- upgrade existing company infrastructure for greater ease of work.
Mehmood made us take an ‘oath of action’ to encourage us to build on this new-found enthusiasm. All kudos to him, he really crystallized our thoughts and channelled them wonderfully into four broad areas
- purpose of the organization,
- issues faced,
- possible solutions and
- a detailed ready-to-go action plan.
Thanks to Mehmood’s inspiriational leadership each of us became aware of what role we play in taking JSM to the next level. We were not anxious, we were pumped up, and excited about what lay ahead. This was heartening to say the least, all of us are now united and eager to work towards one common goal – taking JSM to the next level.
Work hard, play hard!
But it wasn’t all work – a 6 am morning walk to the Rajnee Café for a taste of its delicious dal pakodas, a visit to the stunning Khajuraho Temples, a night safari in Gangau Sanctuary, star gazing till 2 am and chewing over business ideas over a round or two of drinks shows that leisure time can also be quality time. Brilliant!
We also visited Janwaar Castle in the eastern buffer zone of Panna National Tiger Reserve. This is the very first skatepark in rural India and is the brainchild of Ulrike Reinhard. Ulrike is a digital nomad with a passion for the dynamics of change and how change can be triggered. Janwaar Castle is a classic example of what can be done, if you create an ecosystem that allows learning to be fun and self-organized and encourages achievement.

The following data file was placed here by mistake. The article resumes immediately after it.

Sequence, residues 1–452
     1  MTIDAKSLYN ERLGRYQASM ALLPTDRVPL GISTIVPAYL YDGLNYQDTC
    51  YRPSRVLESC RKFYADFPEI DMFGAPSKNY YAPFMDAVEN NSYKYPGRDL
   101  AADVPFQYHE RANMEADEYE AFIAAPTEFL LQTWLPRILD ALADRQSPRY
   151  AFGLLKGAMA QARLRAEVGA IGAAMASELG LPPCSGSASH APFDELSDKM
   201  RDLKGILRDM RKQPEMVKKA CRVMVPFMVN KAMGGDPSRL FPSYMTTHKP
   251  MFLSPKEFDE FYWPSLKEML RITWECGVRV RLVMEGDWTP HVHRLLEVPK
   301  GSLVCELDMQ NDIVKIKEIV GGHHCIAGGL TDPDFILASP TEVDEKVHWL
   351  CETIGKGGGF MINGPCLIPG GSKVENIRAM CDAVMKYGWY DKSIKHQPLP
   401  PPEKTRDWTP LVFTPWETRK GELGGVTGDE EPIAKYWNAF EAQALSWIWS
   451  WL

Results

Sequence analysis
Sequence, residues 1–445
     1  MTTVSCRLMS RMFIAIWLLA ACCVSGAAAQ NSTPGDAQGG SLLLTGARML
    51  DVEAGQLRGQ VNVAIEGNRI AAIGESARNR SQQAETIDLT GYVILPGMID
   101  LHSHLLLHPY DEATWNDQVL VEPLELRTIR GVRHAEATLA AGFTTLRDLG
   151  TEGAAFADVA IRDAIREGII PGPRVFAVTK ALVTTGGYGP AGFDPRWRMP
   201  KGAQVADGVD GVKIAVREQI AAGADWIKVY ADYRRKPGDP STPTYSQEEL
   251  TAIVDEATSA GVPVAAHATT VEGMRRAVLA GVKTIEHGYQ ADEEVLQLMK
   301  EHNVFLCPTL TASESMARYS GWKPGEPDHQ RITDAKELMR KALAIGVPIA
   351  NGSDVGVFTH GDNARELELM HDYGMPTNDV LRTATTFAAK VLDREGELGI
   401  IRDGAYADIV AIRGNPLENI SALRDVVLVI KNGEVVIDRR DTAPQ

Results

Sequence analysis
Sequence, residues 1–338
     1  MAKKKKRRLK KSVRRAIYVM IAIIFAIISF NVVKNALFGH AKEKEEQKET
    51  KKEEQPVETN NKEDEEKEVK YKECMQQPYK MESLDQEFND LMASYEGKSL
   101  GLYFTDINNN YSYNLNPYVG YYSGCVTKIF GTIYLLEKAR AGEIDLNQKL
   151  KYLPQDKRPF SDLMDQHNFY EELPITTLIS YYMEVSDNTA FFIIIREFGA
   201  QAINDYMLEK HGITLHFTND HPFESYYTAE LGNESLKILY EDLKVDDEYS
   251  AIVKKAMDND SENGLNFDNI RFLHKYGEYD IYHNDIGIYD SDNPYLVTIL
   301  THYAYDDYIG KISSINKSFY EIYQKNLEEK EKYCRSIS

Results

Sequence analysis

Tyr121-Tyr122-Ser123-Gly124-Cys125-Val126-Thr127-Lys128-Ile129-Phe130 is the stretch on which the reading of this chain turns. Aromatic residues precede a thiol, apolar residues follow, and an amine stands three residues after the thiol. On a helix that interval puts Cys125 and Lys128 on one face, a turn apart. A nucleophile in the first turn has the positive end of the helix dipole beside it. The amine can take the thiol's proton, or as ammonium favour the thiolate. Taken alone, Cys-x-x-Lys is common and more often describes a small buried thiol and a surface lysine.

What we have learnt?
Both days were very different. On day one, most of us were still slightly inhibited, shy and with little idea about what to do or say. Yet day two was a revelation when amazingly it was the previously most introvert individuals who were now the very ones enthusiastically leading and managing the discussions. What a remarkable change!
What we have taken home?
What we brought away from the workshop is a sense of renewed purpose and vigour together with a solid understanding of what ‘real change’ means in the business context. As JSM people, we contemplate a bright future, but it is the perfection that we bring to execution that will really set us apart. But how do we achieve this? It’s our willingness to change and carve out our own path that will help us broaden our customer base and establish an even more solid reputation for ourselves.
In short we now move together, we succeed together and we change the world together.